Scary headline on the first page of today’s Washington Post Metro section: “Study calls Md. smart growth a flop.”
But it was a bit deceptive. What the researchers at the University of Maryland’s National Center for Smart Growth Research and Education, www.smartgrowth.umd.edu, actually found was that “smart growth” was a good policy, but the implementation was too weak to make it effective. “Pioneering law lacks teeth to put development near transit” read the sub-sub-headline. As a result, sprawl continues in Maryland.
The idea behind Maryland’s celebrated smart-growth program seemed sound: To ease traffic jams and air and water pollution and preserve farmland, development would be focused into dense, urban settlements near train and bus stations. The state would stop subsidizing sprawl and instead direct money for roads, sewer lines and other investments to urban areas.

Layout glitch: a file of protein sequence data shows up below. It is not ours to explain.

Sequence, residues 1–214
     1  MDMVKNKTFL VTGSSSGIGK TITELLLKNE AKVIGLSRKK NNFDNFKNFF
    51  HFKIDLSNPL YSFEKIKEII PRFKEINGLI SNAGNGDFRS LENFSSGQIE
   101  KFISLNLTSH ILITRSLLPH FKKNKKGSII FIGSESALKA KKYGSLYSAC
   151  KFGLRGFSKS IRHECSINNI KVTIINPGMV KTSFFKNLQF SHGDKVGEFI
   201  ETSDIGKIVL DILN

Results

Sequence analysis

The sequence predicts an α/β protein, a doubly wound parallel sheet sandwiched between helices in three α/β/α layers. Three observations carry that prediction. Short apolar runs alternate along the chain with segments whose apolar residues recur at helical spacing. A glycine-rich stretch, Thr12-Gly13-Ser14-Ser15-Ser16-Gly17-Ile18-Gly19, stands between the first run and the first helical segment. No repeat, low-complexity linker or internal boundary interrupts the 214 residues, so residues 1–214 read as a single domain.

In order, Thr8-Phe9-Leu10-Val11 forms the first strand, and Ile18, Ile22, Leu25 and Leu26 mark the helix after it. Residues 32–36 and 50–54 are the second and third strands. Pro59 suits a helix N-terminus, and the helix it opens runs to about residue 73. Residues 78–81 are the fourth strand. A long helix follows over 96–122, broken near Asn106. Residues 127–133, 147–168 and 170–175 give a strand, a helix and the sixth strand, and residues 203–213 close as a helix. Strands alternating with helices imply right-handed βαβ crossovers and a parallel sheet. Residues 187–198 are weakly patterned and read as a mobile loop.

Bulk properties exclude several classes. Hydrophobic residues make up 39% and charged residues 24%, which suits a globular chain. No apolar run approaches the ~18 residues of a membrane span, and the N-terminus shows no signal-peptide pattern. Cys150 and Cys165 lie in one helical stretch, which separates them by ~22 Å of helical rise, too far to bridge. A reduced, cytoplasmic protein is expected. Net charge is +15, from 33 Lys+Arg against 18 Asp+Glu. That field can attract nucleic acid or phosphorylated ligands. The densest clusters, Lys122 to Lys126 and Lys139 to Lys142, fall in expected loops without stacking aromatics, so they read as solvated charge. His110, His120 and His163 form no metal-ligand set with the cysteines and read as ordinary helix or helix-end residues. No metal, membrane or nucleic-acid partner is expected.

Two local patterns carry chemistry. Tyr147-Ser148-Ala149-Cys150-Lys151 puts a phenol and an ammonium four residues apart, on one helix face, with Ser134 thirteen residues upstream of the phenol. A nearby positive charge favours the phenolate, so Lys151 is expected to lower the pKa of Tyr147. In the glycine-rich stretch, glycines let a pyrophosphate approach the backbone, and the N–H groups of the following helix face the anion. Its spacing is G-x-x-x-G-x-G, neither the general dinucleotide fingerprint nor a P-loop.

Harvard University’s Kennedy School of Government called the idea one of the country’s 10 “most innovative” public policies after [former Maryland Gov. Parris] Glendening muscled it through the General Assembly in 1997. Other states followed suit with similar programs.
But scholars at the National Center for Smart Growth Research and Education found that over a decade, smart growth has not made a dent in Maryland’s war on sprawl.
That’s the actual “flop.” The organization proposes tougher mandates for smart growth in Maryland development planning, meaning that they want MORE smart growth, not less.
You can find the Post story here: